specify the boundary \( x = 0 \) as a `SubDomain`

:

```
class Boundary(SubDomain):
def inside(self, x, on_boundary):
tol = 1E-14
return on_boundary and near(x[0], 0, tol)
boundary = Boundary()
bc = DirichletBC(V, Constant(0), boundary)
```

We notice that the `inside`

function of the class `Boundary`

is
(almost) identical to the previous boundary definition in terms of the
`boundary`

function. Technically, our class `Boundary`

is a
*subclass* of the FEniCS class `SubDomain`

.

We will use two `SubDomain`

subclasses to define the two subdomains
\( \Omega_0 \) and \( \Omega_1 \):

```
tol = 1E-14
class Omega_0(SubDomain):
def inside(self, x, on_boundary):
return x[1] <= 0.5 + tol
class Omega_1(SubDomain):
def inside(self, x, on_boundary):
return x[1] >= 0.5 - tol
```

Notice the use of `<=`

and `>=`

in both tests. FEniCS will call the
`inside`

function for each vertex in a cell to determine whether or
not the cell belongs to a particular subdomain. For this reason, it is
important that the test holds for all vertices in cells aligned with
the boundary. In addition, we use a tolerance to make sure that
vertices on the internal boundary at \( y = 0.5 \) will belong to *both*
subdomains. This is a little counter-intuitive, but is necessary to
make the cells both above and below the internal boundary belong to
either \( \Omega_0 \) or \( \Omega_1 \).

To define the variable coefficient \( \kappa \), we will use a powerful tool in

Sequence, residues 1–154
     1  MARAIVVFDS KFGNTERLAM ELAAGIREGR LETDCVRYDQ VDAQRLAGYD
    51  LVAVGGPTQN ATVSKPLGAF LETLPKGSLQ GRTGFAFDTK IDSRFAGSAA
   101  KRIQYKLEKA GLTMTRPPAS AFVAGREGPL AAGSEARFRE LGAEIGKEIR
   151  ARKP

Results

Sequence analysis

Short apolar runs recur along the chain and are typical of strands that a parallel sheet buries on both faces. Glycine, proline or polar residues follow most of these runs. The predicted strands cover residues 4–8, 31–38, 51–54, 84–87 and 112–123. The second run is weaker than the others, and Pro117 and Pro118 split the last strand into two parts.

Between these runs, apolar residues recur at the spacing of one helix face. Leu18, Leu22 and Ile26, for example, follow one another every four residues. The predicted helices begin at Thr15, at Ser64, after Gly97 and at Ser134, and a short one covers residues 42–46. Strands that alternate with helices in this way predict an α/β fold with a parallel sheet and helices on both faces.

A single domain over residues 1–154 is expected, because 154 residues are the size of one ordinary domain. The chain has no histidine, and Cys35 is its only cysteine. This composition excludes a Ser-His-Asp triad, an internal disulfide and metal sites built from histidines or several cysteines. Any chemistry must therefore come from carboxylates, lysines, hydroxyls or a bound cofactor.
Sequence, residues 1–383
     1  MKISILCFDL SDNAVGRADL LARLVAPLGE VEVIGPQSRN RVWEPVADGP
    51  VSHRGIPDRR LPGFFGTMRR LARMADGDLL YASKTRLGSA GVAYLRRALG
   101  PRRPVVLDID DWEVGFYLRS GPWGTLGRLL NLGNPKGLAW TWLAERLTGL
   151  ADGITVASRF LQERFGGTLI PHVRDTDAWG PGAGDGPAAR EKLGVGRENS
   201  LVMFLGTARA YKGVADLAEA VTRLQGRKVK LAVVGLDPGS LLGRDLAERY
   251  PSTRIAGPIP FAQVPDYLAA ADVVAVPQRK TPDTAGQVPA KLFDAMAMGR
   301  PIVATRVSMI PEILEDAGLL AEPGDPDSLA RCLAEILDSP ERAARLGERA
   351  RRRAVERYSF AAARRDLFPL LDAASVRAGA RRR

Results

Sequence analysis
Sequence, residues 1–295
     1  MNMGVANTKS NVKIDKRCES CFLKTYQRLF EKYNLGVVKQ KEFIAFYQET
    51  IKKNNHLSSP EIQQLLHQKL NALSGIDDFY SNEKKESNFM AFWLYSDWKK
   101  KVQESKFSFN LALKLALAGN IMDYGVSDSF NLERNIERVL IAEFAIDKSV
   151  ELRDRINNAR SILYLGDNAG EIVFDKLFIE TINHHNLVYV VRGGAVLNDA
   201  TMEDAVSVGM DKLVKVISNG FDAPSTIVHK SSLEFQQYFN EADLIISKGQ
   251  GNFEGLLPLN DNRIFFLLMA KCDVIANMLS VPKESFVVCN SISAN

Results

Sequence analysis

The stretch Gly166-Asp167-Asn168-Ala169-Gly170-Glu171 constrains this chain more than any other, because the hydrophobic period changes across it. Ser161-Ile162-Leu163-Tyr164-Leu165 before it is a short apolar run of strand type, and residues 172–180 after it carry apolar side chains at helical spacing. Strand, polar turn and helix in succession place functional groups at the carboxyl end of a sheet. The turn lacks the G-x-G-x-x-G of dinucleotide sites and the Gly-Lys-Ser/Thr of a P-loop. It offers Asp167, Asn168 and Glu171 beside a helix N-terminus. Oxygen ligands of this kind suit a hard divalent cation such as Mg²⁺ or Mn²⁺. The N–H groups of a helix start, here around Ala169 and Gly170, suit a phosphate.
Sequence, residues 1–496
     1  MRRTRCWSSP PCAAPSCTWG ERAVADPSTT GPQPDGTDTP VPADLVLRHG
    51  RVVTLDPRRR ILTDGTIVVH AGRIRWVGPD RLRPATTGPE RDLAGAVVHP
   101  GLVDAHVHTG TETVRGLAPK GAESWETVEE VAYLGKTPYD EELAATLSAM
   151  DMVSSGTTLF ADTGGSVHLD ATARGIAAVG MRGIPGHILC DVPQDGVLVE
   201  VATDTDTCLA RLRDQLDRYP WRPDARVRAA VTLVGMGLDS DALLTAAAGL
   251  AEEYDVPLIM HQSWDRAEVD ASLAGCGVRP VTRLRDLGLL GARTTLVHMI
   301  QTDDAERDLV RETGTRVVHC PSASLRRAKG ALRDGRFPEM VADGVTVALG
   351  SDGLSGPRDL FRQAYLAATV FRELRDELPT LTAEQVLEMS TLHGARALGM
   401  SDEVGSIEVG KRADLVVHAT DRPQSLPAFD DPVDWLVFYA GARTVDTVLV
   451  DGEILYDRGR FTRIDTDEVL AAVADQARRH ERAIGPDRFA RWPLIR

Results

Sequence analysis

FEniCS called a `MeshFunction`

. A `MeshFunction`

is a discrete
function that can be evaluated at a set of so-called *mesh
entities*. A mesh entity in FEniCS is either a vertex, an edge, a
face, or a cell (triangle or tetrahedron). A `MeshFunction`

over cells
is suitable to represent subdomains (materials), while a
`MeshFunction`

over facets (edges or faces) is used to represent
pieces of external or internal boundaries. A `MeshFunction`

over cells
can also be used to represent boundary markers for mesh refinement. A
FEniCS `MeshFunction`

is parameterized both over its data type (like
integers or booleans) and its dimension (0 = vertex, 1 = edge
etc.). Special subclasses `VertexFunction`

, `EdgeFunction`

etc. are
provided for easy definition of a `MeshFunction`

of a particular
dimension.

Since we need to define subdomains of \( \Omega \) in the present example,
we make use of a `CellFunction`

. The constructor
is given two arguments: (1) the type of value: `'int'`

for integers,
`'size_t'`

for non-negative (unsigned) integers, `'double'`

for real
numbers, and `'bool'`

for logical values; (2) a `Mesh`

object.
Alternatively, the constructor can take just a filename and initialize
the `CellFunction`

from data in a file.

We first create a `CellFunction`

with non-negative
integer values (`'size_t'`

):

```
materials = CellFunction('size_t', mesh)
```

Next, we use the two subdomains to *mark* the cells belonging to each
subdomain:

```
subdomain_0 = Omega_0()
subdomain_1 = Omega_1()
subdomain_0.mark(materials, 0)
subdomain_1.mark(materials, 1)
```

This will set the values of the mesh function `materials`

to \( 0 \) on
each cell belonging to \( \Omega_0 \) and \( 1 \) on all cells belonging to
\( \Omega_1 \). Alternatively, we can use the following equivalent code to
mark the cells:

```
materials.set_all(0)
subdomain_1.mark(materials, 1)
```

To examine the values of the mesh function and see that we have indeed defined our subdomains correctly, we can simply plot the mesh function:

```
plot(materials, interactive=True)
```

We may also wish to store the values of the mesh function for later use:

```
File('materials.xml.gz') << materials